But instead of exploding and saying, “What do you want from me?! I’m trying to make a living!” No; he keeps quiet. He has a lot to say but he keeps his mouth closed. Maybe he opens it just a little: “Oh no; I’m so sorry you had a difficult day. Tell me what happened,” he says in a quiet voice.
Now, you won’t be able to do such a thing naturally. You have to fortify yourself beforehand. He makes himself ready while he’s still standing outside the house: “No matter what happens, I’m not going to react.”
The first evening it’s not so easy. His blood is boiling and it’s not easy to keep his tongue locked behind his teeth (see Eirechin 15b). But he does it and the night passes by b’shalom. Then another day passes and then another day and after a while it comes to him easier and easier.
Anger Is Just Too Dangerous
And he should continue in this manner for a long time. The Rambam doesn’t say how long, but you have to work on this until finally the quality of anger is uprooted from your mind entirely. Shelo yargish afilu lidvarim hamach’isim – You won’t even sense those things that would cause others to anger. You’ll be able to remain calm under any circumstances because it doesn’t even occur to you to become angry.
And what’s remarkable about the middah of anger is that unlike other middos where you’re expected to come back to the derech ha’emtazai, when it comes to ka’as there’s no going back to the middle of the road. He should go against his nature and continue in this way for a long time until the quality of wrath is uprooted – and once he achieves that, he never should move away from that extreme. Anger is too dangerous for walking the middle path.
Frothing and Foaming
And so we come back to the anger of Moshe Rabeinu in our parsha. וַיִּקְצֹף – Moshe Rabeinu was foaming. The word ketzef means when water is so agitated that it froths and becomes foamy. And so the possuk seems to be telling us that Moshe was frothing, he was foaming at the mouth.
And it wasn’t only once. In the Torah we find “vayiktzof” again and again. When he came down from Har Sinai and found people dancing around the eigel he smashed the luchos! You don’t smash luchos unless you’re angry! And forty years later, as Moshe was preparing to say his last goodbye to the Am Yisroel, again: Vayiktzof Moshe al pekudei ha’chayil – Moshe was angry at the officers of the army. And he was angry other times too. And that’s a big question: How could it be that such a righteous man is becoming angry again and again?
Man Was Made Right
And the answer is that although the Rambam teaches us how important it is to avoid anger, still, he doesn’t approve of people who don’t have kaas either. “Lo yihyeh k’meis she’eino margish” he writes, – “You shouldn’t be like a dead person who doesn’t feel any anger.”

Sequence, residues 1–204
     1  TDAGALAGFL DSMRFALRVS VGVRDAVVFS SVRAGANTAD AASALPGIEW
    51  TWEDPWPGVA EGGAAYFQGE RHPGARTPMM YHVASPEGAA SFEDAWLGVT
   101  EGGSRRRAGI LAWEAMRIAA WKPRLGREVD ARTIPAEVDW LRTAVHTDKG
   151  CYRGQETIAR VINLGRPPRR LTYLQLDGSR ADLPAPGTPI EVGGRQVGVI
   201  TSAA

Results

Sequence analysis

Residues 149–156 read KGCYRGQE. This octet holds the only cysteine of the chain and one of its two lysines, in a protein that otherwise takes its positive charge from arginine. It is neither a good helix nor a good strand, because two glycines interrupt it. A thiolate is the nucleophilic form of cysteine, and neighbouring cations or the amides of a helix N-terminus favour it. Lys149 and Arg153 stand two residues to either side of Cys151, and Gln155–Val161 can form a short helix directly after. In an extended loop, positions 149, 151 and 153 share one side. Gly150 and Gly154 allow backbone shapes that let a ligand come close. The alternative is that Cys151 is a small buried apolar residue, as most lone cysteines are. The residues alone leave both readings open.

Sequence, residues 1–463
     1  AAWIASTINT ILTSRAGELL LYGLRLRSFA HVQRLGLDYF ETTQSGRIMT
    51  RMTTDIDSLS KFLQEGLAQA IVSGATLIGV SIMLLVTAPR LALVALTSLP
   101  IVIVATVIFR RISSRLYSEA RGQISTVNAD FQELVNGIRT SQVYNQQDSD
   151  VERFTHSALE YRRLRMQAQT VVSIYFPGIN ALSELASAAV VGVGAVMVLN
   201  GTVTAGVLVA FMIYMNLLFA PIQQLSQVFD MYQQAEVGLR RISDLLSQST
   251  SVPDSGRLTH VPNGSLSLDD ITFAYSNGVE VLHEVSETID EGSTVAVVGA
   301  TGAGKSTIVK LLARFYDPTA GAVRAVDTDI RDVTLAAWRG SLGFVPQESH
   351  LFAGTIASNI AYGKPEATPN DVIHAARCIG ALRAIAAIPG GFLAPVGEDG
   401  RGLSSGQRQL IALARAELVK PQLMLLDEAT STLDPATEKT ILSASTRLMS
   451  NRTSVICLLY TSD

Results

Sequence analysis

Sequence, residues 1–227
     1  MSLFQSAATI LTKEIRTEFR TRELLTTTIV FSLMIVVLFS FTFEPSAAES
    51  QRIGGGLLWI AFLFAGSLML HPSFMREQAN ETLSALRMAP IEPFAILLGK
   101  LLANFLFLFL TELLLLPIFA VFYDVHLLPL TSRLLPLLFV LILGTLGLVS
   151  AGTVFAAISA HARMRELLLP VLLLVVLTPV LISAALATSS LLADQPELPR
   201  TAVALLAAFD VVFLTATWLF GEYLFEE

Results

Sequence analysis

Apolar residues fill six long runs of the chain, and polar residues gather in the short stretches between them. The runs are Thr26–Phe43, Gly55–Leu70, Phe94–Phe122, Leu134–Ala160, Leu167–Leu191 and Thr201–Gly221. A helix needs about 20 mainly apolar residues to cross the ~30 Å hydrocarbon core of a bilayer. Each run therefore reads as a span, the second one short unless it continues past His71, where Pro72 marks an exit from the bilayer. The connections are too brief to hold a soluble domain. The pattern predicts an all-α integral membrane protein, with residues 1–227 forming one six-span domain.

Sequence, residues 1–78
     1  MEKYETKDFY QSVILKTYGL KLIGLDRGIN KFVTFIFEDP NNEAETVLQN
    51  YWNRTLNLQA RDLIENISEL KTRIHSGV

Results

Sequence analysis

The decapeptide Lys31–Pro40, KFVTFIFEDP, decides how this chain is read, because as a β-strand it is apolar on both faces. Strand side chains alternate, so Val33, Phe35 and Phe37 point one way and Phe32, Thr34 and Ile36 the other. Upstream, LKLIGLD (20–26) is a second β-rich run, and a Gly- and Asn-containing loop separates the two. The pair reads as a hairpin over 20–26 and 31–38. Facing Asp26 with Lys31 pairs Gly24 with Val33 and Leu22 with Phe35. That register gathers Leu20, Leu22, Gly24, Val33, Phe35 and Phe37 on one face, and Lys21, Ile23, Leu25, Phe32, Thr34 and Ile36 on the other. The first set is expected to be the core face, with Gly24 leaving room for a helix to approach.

אֱלֹקִים עָשָׂה אֶת הָאָדָם יָשָׁר – Hashem made man in the right way (Koheles 7:29). It means thatall of the functions of a person are essential to him. Not only the bodily functions – even the emotions of a person were purposefully placed in man. Compassion and cruelty; generosity and stinginess; envy and satisfaction – there’s no end to the different character traits that Hashem has implanted in Mankind. And every middah that Mankind possesses is intended to be used according to the will of Hakodosh Boruch Hu. The wise man learns how much of each middah is to be used and in which situations, so that he should achieve perfection of character al pi hatorah.
Part II. Righteous Anger
A Useful Weapon
And that means that ka’as too is a wonderful creation of Hakodosh Boruch Hu. And I don’t use the word ‘wonderful’ lightly. Anger is a miraculous faculty of the mind and body working together in tandem. What happens when somebody becomes angry? On top of your kidneys there are two small glands called the adrenaline glands. And when these glands get the signal from your brain – “It’s time now for the body to get angry” – so these glands inject into your blood a certain hormone, a secretion that makes your blood full of sugar. And this surplus imbues you with excess energy – you suddenly have more energy than you normally have.
And you need this extra energy – it’s a stimulant. Your entire body is reacting to your thoughts of anger now – your blood is boiling. An angry man’s blood is an entirely different type of blood.
Now, why is Hakodosh Boruch Hu doing this now inside your body? What’s the purpose of such changes? And the answer is that anger is an important weapon that we sometimes must make use of. It’s a gift min hashamayim. Because many times you have to go into battle and you need that stimulant that anger provides; you need extra energy to fight back against resha’im.
Anger of Tzadikim